That data, of course, is for (1) historians and (2) fans, not (3) players or (4) coaches with half a season to go.

Besides May’s 30 points (achieved in 25 minutes with 13-for-20 shooting), Indiana got 23 from Benson (in 23 minutes), 14 from Wilkerson and Radford and 12 from Valavicius. The Hoosiers continued to shoot well, finishing at .573 with Wisconsin confined to .349 – Colbert leading Badger scorers with 14 points.

Indiana also had a 52-40 rebounding edge in finishing its first lap around the conference with a 9-0 league mark and 18-0 overall.

The Hoosiers get Monday night off before starting lap No. 2 with home games against Michigan Saturday and Michigan State the next Monday. Michigan preserved second place in the league with a 104-95 victory over Iowa Saturday. The Wolverines are 7-2 in the conference and 13-4 overall, and all other teams have lost at least four league games.

Wisconsin left town 2-7 in the conference and 8-9 overall.

WISCONSIN 61 M FG FT R A PF TPKoehler, f 31 3-11 5-7 2 0 5 11Pearson, f 21 4-5 0-0 1 0 2 8Johnson, c 22 1-3 2-4 4 1 4 4J Smith, g 22 0-4 1-4 5 5 3 1Colbert, g 34 6-19 2-3 3 4 4 14Falk 14 1-6 0-0 3 0 1 2Rudd 24 4-6 3-3 0 0 5 11B Smith 23 2-6 2-3 1 1 0 6Brey 9 1-2 0-0 1 0 1 2Anderson 4 0-1 0-1 0 0 0 0Faurote 3 0-0 0-0 3 0 0 0Newburg 2 0-0 2-2 0 0 0 0Team 10Totals 22-63 17-27 40 11 24 61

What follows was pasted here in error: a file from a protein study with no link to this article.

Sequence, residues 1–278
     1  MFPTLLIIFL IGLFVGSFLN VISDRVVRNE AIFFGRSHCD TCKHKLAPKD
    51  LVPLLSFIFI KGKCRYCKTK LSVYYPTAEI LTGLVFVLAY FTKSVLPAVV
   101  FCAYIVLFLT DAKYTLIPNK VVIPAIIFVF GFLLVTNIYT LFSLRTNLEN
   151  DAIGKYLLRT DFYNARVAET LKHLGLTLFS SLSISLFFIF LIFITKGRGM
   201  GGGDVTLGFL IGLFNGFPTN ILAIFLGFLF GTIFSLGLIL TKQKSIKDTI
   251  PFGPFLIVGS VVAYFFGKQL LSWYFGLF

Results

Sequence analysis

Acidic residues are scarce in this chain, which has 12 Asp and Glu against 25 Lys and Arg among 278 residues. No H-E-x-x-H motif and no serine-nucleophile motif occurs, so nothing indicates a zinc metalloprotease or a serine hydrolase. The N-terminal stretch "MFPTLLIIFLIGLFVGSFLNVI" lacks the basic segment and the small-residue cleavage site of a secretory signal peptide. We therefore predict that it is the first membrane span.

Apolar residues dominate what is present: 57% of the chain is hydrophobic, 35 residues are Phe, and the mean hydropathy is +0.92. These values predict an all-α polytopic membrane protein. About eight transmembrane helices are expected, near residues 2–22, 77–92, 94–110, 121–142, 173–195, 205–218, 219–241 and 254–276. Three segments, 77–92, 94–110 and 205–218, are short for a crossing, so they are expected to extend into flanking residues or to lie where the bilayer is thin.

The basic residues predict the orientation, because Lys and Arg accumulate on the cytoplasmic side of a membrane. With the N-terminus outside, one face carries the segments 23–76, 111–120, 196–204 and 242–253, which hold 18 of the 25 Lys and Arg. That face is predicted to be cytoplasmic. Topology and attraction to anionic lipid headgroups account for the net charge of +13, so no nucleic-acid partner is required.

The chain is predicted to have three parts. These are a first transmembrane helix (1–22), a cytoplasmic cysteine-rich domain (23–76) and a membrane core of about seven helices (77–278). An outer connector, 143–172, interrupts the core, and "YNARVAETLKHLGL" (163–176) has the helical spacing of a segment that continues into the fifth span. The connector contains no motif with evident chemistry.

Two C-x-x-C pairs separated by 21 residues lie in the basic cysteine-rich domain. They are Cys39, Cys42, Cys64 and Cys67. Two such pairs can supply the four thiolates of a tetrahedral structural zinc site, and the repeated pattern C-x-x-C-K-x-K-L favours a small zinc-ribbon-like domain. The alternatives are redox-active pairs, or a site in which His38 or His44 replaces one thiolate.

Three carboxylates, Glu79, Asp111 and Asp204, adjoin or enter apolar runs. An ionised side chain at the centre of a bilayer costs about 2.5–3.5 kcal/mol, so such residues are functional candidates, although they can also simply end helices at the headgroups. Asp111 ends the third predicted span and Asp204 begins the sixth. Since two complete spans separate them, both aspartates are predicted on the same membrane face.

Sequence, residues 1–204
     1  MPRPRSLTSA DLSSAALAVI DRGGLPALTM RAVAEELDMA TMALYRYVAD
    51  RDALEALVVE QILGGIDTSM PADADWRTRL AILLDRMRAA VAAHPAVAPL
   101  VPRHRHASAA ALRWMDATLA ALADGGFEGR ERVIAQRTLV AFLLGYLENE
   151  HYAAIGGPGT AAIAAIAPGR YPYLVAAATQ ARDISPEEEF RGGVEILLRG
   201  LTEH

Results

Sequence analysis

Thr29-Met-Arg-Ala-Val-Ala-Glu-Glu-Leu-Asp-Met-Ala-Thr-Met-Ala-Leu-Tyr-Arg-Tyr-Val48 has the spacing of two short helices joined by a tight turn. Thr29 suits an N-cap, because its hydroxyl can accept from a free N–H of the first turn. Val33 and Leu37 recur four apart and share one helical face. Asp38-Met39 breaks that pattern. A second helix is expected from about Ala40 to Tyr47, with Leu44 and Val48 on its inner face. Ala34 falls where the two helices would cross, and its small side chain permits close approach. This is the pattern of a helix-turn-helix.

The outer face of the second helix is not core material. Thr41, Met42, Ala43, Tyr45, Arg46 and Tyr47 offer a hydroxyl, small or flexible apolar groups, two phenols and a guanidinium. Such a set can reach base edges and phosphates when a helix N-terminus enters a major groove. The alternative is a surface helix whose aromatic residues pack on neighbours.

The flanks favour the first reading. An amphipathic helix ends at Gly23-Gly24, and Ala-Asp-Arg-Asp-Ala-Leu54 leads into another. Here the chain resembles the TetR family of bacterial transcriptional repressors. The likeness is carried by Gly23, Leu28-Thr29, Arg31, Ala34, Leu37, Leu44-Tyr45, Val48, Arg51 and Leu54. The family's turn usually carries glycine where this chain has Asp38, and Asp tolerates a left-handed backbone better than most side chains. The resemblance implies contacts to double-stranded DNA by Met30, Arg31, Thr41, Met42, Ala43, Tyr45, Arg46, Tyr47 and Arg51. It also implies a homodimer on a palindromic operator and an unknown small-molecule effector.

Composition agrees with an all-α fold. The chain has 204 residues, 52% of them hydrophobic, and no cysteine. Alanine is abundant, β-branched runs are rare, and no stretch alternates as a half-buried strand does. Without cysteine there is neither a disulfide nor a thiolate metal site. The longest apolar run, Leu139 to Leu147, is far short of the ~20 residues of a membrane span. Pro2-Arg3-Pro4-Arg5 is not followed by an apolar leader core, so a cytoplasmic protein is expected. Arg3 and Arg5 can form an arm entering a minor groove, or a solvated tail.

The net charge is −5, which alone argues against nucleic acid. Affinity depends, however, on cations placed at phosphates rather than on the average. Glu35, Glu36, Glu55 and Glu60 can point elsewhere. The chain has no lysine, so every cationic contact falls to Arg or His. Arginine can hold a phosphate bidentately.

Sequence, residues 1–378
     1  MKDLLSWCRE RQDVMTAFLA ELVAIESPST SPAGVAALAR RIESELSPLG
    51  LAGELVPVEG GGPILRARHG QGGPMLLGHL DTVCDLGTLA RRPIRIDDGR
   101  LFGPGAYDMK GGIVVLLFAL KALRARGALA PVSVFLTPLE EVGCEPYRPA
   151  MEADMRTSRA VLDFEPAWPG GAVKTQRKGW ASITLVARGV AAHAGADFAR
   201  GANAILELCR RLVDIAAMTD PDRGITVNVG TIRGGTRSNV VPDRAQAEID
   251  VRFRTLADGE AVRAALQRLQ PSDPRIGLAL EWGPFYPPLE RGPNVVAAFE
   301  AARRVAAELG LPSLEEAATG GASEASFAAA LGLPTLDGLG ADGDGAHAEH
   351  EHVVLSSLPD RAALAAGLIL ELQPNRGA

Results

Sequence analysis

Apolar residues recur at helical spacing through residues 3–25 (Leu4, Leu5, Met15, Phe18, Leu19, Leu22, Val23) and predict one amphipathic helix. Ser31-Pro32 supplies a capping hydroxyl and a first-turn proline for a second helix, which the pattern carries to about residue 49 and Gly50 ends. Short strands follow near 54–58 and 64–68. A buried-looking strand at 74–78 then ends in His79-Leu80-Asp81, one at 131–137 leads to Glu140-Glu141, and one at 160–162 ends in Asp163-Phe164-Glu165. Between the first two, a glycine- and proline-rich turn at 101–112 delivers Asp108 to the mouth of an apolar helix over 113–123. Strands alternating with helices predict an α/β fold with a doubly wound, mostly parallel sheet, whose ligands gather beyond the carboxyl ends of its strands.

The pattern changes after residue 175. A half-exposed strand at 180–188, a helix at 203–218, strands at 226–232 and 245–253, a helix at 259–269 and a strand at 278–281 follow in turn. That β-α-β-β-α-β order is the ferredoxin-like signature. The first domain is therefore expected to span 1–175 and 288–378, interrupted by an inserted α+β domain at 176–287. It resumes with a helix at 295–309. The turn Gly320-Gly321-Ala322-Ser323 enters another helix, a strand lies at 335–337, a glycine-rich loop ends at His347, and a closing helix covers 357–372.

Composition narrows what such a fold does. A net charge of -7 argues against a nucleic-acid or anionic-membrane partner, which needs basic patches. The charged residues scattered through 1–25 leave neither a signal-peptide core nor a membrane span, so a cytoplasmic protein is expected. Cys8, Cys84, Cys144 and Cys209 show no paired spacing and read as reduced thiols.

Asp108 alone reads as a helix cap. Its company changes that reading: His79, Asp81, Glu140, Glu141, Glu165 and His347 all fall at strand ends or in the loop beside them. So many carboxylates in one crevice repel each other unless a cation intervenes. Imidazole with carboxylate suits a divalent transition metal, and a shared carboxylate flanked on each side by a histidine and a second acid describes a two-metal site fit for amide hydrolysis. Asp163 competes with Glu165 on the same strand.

INDIANA 114 M FG FT R A PF TPMay, f 25 13-20 4-5 4 2 8 30Abernethy, f 20 1-6 2-2 5 2 3 4Benson, c 23 10-15 3-5 9 0 2 23Buckner, g 17 3-4 1-1 3 9 2 7Wilkerson, g 21 7-11 0-0 3 3 3 14Wisman 18 0-1 2-3 0 3 3 2Radford 20 5-9 4-4 9 5 3 14Valavicius 18 5-5 2-3 4 0 2 12Crews 8 0-0 0-0 0 2 0 0Bender 13 1-3 0-0 2 2 5 2Roberson 4 1-1 0-0 1 0 1 2Haymore 10 1-4 0-0 5 1 2 2Eells 5 0-3 2-3 2 0 0 2Team 5Totals 47-82 20-26 52 30 26 114

SCORE BY HALVES Wisconsin 30-31 61Indiana 62-52 114

Errors: Wisconsin 34, Indiana 20.Blocked shots: Wisconsin 1 (Rudd),Indiana 7 (Abernethy 3, Benson, Haymore, May, Wilkerson).Steals: Wisconsin 8 (Colbert 3, B. Smith 2, J. Smith 2, Johnson 11;Indiana 20 (Wilkerson 6, Benson 3, May 3, Abernethy 2, Buckner 2,Radford 2, Roberson, Valavicius).Technical fouls: Wisconsin coach Powless; Indiana coach Knight 2.

SHOOTING FG Pct. FT Pct.Wisconsin 22-63 .349 17-27 .630Indiana 47-82 .573 20-26 .769

Officials: Orlando Palesse, Ed Maracich, Ken Kulic. Attendance: 17,587.

BIG TEN STANDINGS Conf. AG INDIANA 9-0 18-0 Michigan 7-2 13-4 Michigan State 5-4 9-9 Iowa 4-4 13-5 Purdue 4-4 9-8 Illinois 4-5 11-7 Northwestern 4-5 9-9 Minnesota 3-6 11-6 Wisconsin 2-7 8-9 Ohio State 2-7 6-11